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Pausing to remember Robin Williams

Comedy Club Tribute Sign
Comedy Club Tribute Sign
Photo by Valerie Macon/Getty Images

Most of us have some kind of routine or regular pattern for getting the day started. Morning routines, seasonal routines, phases of the Moon, Sun, and Stars routines. My morning routine this morning included reading some inspiring thoughts of other writers and of checking my email messages. After being jolted by the news yesterday that Robin Williams, the beloved and talented actor and humanitarian had most likely died of a suicide, there has been a steady stream of outpouring from those who knew him, from those who knew him through his work, and from those who were shocked and sad that this man of light was now gone.

In the back of my mind, thoughts of Robin Williams' films, and of interviews I had watched over the years came back. I thought of all the places where we had walked the same streets though our lives and paths never crossed. When I sit in our home in San Francisco hearing the fireworks from the Giants' stadium, or when I hear the roaring of the crowd at the ball game as I walk by the stadium on our way to the baby park, I imagine Robin Williams sitting with his friends, cheering his favorite home team on. Walking around Sausalito, or the streets of San Francisco, or wandering around Marin County, past Tiburon, San Rafael, and San Anselmo, we never met. I never missed his movies, and often saw them each more than once. His wit never failed to entertain me, as it did so many others. There was always something so sad in nearly every role he played. There was a deep pathos that showed through as one who feels life so deeply and seeks to affect it so profoundly, often expresses.

Though I did not know this wonderful man, actor, and humanitarian, I feel the loss of him. He gave more than he could ever know, hitting us where we feel the rawness and tragic humor of life. He touched us because we could feel that he saw something of great beauty and sadness in being human, fallible, and vulnerable. As I walked into my bedroom this morning, I leant over to spread my coverlet across the pillows, as I made my bed. And at that moment it struck me that Robin Williams would not be making his bed today, or any other day. He would not be doing the same things he usually did each morning, afternoon, or evening. He would no longer greet his wife and settle into their comfortable routine, nor would he hold his children again, or make us laugh in new and ever-surprising ways. He is no longer living in his human form, and has made his way into another level of being. He carried great sadness with him, and we can only hope he feels some release and relief from whatever drove him to seek a way out.

My thoughts this morning are with those whom he left behind, who now have to carry on with their lives in ways they probably never imagined. My prayers are for his family and his good friends who now have to make sense of last words, or last encounters. Who have to wonder if there weren't something they could have or should have said or done. For those who suffer such great anguish, loss, and grief, no words can comfort, and time is but a slow balm that never promises healing. Instead we fumble with the sheets, and tuck in the blankets. We wash up the last cup left on the counter, or put the shoes and toothbrush somewhere--anywhere but out to be a reminder of loss. Or perhaps, we leave everthing in place, just as it was, hoping somehow that will help us retain the scent or feel of that person's presence in our lives. For those of us who have lost someone to death--something that will happen to all of us--we know how we settle into routines of grieving to help us bear the weight of loss, to keep us numb from the shock of knowing, that we have to go on without someone who filled up a part of our lives. For family and friends, that is a huge part of life. For the rest of us, it is whatever he meant to us, whatever his films touched in us, or whatever our experience of this iconic figure in our lives was.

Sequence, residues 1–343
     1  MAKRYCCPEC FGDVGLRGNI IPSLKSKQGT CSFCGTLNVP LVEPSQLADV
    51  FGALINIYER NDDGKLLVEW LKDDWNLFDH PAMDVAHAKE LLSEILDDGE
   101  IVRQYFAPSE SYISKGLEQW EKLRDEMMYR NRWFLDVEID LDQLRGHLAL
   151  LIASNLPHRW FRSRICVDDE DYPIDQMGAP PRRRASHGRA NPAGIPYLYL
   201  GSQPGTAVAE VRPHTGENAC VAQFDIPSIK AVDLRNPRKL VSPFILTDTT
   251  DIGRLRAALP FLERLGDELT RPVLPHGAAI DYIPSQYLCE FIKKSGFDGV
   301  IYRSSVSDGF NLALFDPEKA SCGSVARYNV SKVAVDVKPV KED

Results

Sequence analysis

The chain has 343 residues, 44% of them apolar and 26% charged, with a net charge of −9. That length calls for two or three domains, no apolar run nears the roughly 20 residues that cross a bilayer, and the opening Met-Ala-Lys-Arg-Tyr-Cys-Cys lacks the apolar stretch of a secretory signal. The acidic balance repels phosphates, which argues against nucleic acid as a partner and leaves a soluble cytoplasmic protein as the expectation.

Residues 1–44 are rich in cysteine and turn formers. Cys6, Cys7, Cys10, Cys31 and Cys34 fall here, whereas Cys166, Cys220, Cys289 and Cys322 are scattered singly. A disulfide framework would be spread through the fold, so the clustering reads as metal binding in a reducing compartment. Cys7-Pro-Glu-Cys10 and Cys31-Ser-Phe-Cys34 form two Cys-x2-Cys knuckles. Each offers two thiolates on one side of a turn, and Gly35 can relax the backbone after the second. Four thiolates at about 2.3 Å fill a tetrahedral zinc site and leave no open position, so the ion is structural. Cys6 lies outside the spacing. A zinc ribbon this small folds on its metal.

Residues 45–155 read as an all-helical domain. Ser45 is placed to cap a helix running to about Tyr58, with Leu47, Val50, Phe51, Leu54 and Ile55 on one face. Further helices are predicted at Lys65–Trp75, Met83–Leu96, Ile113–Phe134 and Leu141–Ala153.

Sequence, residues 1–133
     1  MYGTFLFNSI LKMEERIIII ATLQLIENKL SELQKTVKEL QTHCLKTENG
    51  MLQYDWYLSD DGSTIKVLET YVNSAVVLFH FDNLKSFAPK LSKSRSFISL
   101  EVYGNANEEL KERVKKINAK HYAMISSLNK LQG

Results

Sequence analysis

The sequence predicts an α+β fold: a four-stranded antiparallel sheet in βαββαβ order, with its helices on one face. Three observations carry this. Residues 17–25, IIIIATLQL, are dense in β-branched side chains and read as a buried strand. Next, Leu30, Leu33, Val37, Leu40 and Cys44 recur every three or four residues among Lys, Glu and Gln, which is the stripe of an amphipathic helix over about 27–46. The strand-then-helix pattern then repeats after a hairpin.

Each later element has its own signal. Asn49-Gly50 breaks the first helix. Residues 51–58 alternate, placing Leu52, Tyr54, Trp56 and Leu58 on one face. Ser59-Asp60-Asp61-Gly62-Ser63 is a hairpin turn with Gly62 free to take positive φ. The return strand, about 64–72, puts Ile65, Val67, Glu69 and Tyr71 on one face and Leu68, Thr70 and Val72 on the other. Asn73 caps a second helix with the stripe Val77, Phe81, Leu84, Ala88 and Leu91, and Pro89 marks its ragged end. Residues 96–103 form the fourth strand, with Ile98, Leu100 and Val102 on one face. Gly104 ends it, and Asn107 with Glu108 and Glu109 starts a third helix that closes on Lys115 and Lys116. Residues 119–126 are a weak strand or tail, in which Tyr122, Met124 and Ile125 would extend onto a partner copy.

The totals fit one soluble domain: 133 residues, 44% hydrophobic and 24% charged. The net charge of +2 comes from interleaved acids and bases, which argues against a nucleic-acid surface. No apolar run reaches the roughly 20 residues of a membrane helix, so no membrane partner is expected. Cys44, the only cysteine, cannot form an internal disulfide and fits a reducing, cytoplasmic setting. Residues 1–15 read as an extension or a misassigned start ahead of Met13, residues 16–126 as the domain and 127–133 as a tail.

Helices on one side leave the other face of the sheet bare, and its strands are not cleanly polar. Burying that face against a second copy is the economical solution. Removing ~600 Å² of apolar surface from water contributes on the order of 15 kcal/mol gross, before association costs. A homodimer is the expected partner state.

Anyone who has lived through the past 40 years or more has known Robin Williams as a voice of a generation that has spoken out, acted out, and made attempts to live life with heart and soul. Robin Williams became the one among us who wasn't afraid to make us laugh at our feeble attempts to live right, or to make us see what lay under the coat of pretense, political double speak, or help us face our inhumanity to one another. He was not afraid of pointing out our foibles, tragedies, and failures, and he was not afraid to be human and share in that humanity in so many ways. We lose a voice who spoke to us, for us, and over us to give us a reason to go on. We are sad that you have gone on and left us a little bit lost without you, a little bit richer because of you, and a great deal sadder and confused about how to make sense of such a great loss. We didn't want you to give up hope, and wish we could have made it better for you. Rest in Peace, the Peace of a Compassionate and Loving God, dear Robin Williams.